Will B-20 contribute to more urban sprawl?

by Neil Sharma15 Dec 2017
The Places to Grow Act, Ontario’s growth plan, was drawn up to intensify urban hubs throughout the province, but B-20 might have the opposite effect.

Places to Grow is responsible for the towering edifices redefining Toronto’s skyline, and while there’s no end in sight to their continued development, the city’s immediate suburbs could expect a boost in new residents.

REMAX’s 2018 Housing Market Outlook report predicts an extremely moderate increase in home prices of just 2.5%. However, it also noted that B-20, the mortgage stress test slated to take effect January 1, could cause purchasers to move farther away from urban centres like Toronto and Vancouver.

“Certainly B-20 will have some effect,” said Elton Ash, REMAX’s regional executive vice president. “The predictions, depending on who you talk to, are anywhere from five to 20% of buyers won’t be able to afford a home that they’d get under today’s regime. Studies show that of those who are aware of the new regulation, a large percentage don’t believe it will affect their buying decisions, so there’s a bit of a disconnect of how B-20 will affect market.
Those prospective buyers in the market don’t really understand.”

Another key finding is that millennials, long thought to favour large, bustling downtown cores, are increasingly partial to suburban picket fences. One reason, said Ash, is because they’re aging.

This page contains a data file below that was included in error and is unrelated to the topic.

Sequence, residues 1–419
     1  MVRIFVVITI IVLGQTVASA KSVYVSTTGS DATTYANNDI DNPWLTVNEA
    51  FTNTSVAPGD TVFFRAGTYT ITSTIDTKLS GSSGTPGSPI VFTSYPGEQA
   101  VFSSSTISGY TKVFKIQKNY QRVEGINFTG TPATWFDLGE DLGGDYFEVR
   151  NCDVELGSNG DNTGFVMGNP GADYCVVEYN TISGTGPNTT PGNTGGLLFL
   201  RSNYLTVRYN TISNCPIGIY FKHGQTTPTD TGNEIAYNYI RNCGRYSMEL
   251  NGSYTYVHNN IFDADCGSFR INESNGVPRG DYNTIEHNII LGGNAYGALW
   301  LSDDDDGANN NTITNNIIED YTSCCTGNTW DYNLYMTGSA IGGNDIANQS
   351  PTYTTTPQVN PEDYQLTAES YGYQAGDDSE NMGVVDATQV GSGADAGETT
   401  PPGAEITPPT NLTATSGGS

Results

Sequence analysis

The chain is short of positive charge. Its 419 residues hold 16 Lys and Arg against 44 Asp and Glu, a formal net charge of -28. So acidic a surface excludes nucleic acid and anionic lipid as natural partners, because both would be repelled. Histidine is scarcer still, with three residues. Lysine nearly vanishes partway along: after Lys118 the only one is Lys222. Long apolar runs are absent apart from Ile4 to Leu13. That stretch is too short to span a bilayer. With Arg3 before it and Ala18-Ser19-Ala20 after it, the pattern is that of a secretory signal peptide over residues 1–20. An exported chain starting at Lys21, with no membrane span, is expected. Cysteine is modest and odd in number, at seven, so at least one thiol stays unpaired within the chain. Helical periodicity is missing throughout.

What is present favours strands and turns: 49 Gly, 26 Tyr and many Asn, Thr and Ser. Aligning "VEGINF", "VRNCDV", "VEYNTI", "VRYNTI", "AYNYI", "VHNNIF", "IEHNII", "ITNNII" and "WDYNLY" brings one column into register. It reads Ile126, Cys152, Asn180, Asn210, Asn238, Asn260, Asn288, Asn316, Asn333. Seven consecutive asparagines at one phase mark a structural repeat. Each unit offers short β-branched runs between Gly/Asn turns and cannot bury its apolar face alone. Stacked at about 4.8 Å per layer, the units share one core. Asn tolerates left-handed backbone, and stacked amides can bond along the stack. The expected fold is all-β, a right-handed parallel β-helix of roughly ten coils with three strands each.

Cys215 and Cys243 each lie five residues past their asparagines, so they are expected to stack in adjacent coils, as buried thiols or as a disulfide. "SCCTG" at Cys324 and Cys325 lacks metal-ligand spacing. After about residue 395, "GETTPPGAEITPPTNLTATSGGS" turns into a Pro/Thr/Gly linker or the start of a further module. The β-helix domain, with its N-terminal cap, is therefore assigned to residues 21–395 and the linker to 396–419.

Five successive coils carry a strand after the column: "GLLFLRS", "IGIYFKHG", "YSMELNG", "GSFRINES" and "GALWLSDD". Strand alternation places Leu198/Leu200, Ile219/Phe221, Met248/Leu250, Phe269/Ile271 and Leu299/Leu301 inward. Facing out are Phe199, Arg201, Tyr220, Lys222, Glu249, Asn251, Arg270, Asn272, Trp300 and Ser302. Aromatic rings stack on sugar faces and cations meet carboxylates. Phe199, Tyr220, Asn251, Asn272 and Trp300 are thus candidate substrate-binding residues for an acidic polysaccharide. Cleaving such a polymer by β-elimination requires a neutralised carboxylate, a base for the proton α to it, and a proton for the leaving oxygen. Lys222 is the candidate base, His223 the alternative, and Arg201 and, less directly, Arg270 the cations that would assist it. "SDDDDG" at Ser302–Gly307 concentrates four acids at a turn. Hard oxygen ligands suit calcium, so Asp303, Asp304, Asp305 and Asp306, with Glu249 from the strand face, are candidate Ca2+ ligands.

“There are several reasons why people are moving out of the urban centres,” he said. “There was a strong belief three to four years ago that millennials were purely interested in the downtown condo lifestyle, didn’t drive cars, and wanted to be near subway lines. What we found is millennials are as interested in having the home and the yard to raise children in as any previous generation. This cohort are aging and are now in their prime, and are starting to raise their families, looking out to suburbia.”

That view is supported by Royal LePage, which this week released a market outlook report that was far less conservative in its estimation that housing prices will increase 6.8% by the end of 2018. Quoting a different report, Royal LePage’s CEO Phil Soper said:

“We did a study this summer, the Royal LePage Peak Millenial Study, which looked at intention, and of peak millennials aged 25-30, 87% believe homeownership was a positive thing and intended to someday to own a home. Sixty-nine percent intended to buy a home within five years.”

He also believes buyers will adjust to B-20 in the following ways:

“They’ll look for alternative sources of capital, like going to family; they’ll look for a different kind of property, like a smaller one; or they’ll look in a different area, so they move farther out of the downtown core.”

Related stories:
2018 expected to be big year in the GTA
Markets might be underestimating impact of new rules

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